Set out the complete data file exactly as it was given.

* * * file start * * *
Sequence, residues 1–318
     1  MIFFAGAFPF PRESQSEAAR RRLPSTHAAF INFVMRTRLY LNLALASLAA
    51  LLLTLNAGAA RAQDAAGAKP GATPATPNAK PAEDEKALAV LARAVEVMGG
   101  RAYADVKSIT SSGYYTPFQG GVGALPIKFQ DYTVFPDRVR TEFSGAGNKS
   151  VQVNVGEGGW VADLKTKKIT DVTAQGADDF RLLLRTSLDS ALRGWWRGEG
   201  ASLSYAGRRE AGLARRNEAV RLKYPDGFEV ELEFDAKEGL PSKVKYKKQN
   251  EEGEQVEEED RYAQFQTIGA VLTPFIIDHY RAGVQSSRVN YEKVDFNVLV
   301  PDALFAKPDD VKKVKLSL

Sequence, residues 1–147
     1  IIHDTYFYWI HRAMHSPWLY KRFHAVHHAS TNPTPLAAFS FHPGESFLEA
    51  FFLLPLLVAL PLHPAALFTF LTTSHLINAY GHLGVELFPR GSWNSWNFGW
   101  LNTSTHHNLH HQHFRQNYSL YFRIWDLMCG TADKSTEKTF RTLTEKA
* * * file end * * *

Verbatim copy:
Sequence, residues 1–318
     1  MIFFAGAFPF PRESQSEAAR RRLPSTHAAF INFVMRTRLY LNLALASLAA
    51  LLLTLNAGAA RAQDAAGAKP GATPATPNAK PAEDEKALAV LARAVEVMGG
   101  RAYADVKSIT SSGYYTPFQG GVGALPIKFQ DYTVFPDRVR TEFSGAGNKS
   151  VQVNVGEGGW VADLKTKKIT DVTAQGADDF RLLLRTSLDS ALRGWWRGEG
   201  ASLSYAGRRE AGLARRNEAV RLKYPDGFEV ELEFDAKEGL PSKVKYKKQN
   251  EEGEQVEEED RYAQFQTIGA VLTPFIIDHY RAGVQSSRVN YEKVDFNVLV
   301  PDALFAKPDD VKKVKLSL

Sequence, residues 1–147
     1  IIHDTYFYWI HRAMHSPWLY KRFHAVHHAS TNPTPLAAFS FHPGESFLEA
    51  FFLLPLLVAL PLHPAALFTF LTTSHLINAY GHLGVELFPR GSWNSWNFGW
   101  LNTSTHHNLH HQHFRQNYSL YFRIWDLMCG TADKSTEKTF RTLTEKA